Leaving Moscow on the evening of the 7th, I traveled a few miles east on the road towards Woodville, thecounty seat of Tyler county. On the 8th made little progress towards Woodville, having to wander around the piney woods hills, in the neighborhood of Peach-tree Village, in search of gold or its representative; but precious little did I find I assure you. On the 9th, after a drive of eighteen miles, over as broken and hilly country as I have ever seen in Texas, all covered with a large thick growth of yellow long leaf pine, I arrived at Woodville, a town very pleasantly situated, with numbers of large Magnolia trees scattered throughout it. A newcourthouse is soon to be built, to take the place of the old barn-looking building now used. There are some half dozen stores, two hotels, an academy, andthe usual number of Lawyers and Doctors offices. Woodville, taking it all in all, is a very pleasant,flourishing, business place.


I left Woodville on the 11th for Livingston, a distance of about 35 miles. The road for a few miles, although over a rough, broken piney woods country, was very good and 'Dave' made very good speed, but these few miles being passed I entered upon the new road recently established between Woodville and Livingston and which had been made barely wide enough to admit the passage of a buggy and with little regard to the height of the stumps or character of the ground passed over, which made travelling at a speed of over four miles per hour extremely difficult, while a good lookout had to be kept from being upset or the buggy broken by the tall stumps, even at this rate of speed.

At Big Sandy Creek I came upon an encampment of Alabama Indians, some twenty or thirty in number. Their wigwams were composed of a few plank set on end around a frame of poles, while a roof was formed of pine bark taken from the trees in strips four or five feet long and two or three feet wide. A frame poles and cane covered with bearskins compose their beds. They cultivate barely land enough to raise cornsufficient for bread, hunting being relied upon formeat and the wherewithal to procure crops the fewarticles needed by them for clothing, tobacco, whisky, &c. Deer and bear are their principal game, the skins of which are sold at the stores for a low price generally.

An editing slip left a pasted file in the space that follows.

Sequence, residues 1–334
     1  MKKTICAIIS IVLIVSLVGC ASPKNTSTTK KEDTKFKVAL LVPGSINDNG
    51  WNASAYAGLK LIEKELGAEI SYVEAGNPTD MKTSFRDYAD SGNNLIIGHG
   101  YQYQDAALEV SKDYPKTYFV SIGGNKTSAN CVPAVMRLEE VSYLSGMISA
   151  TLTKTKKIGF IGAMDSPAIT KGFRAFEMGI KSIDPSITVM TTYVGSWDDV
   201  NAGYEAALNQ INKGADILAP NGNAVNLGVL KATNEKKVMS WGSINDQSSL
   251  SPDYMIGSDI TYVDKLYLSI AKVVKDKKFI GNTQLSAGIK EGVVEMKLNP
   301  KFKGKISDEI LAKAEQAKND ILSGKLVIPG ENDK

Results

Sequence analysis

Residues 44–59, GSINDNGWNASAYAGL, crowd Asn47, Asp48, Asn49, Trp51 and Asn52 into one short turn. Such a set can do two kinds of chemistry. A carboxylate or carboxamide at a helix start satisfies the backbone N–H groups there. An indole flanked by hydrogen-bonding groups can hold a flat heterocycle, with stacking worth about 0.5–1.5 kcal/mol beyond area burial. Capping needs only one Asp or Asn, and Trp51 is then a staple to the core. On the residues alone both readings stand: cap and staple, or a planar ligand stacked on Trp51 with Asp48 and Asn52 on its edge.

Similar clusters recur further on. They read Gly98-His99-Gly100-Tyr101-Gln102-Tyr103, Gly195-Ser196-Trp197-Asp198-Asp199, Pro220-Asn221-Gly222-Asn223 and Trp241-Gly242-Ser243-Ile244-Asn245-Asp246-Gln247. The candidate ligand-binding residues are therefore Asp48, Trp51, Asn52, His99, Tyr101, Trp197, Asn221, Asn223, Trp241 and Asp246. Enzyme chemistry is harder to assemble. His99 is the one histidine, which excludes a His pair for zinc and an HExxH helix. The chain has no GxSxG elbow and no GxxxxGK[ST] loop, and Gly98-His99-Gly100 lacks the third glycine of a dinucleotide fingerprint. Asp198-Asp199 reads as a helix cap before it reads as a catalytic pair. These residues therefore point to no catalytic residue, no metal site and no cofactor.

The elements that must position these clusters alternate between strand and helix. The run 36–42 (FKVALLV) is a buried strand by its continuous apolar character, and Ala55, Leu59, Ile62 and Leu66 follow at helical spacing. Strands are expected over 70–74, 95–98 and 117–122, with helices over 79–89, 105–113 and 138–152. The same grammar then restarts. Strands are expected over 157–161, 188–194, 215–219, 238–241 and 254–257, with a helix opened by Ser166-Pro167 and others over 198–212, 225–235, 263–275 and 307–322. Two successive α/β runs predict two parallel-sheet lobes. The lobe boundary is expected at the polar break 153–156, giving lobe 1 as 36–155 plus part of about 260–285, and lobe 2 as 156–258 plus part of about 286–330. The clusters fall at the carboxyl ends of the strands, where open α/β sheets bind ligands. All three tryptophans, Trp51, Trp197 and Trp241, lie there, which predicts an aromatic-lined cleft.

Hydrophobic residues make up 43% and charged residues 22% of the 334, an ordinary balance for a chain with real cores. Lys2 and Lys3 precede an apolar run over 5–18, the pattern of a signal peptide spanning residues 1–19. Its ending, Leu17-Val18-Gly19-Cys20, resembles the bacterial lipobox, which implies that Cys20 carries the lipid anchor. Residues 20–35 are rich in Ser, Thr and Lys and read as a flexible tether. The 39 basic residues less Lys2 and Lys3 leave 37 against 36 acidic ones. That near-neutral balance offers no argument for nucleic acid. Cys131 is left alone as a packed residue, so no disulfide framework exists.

Settlers along the road are few and far between, and an Indian and a Negro are the only humans I saw during my drive of about 30 miles. Livingston, the county seat of Polk county, presents rather a dull, unthrifty appearance. The courthouse is a fine looking building, and when this is said, near all is said that be to the credit of the place. The country surrounding the town is generally of a poor broken character, uninviting to the planter, consequently very few of the kind of settlers neededto build up such a kind of town are to be found in theneighborhood. My stay at Livingston was short, leaving on the morning after my arrival at night. Liberty being the next point I intended visiting, Itook a course down the river, visiting a place called Drew's Landing where there is a store and Saw mill. Quite a number of Coushatta Indians were camped nearhere and a portion of the trade at the store wasderived from them, skins being the principal articleof traffic.


Smithfield, a few miles below on the West side of the [Trinity] river, I did not visit, all ours subscribers being prepaying ones, but learned that aflourishing business was being transacted there by Colonel [Hamilton] Washington, and others in the way of trade with the Indians and surrounding inhabitants. Cold Springs lies some 35 miles east from Huntsville and nine west from the Trinity at the crossing at Swartout. There are four or five stores, blacksmiths, tinners and other mechanics shops, a neat handsome church edifice, a number of tasty private residences, &c. to be found here. The country surrounding, although very hilly and broken, is quite fertile and a number of large planters are to be found in the neighborhood of the town. The place takes its name from a number of cold springs which issue from the hill sides within the town.

Swartout, 9 miles distant on the east bank of the Trinity, is the shipping point for the cotton of thissection of country. There are but few scattering houses here, most of which present a ratherweather-beaten, dilapidated appearance. An idea was once entertained by a number of persons who investedin the speculation that a town of much businessimportance could be built here. But theunreliableness of navigation on the Trinity, plus anumber of other factors, prevented its consummation.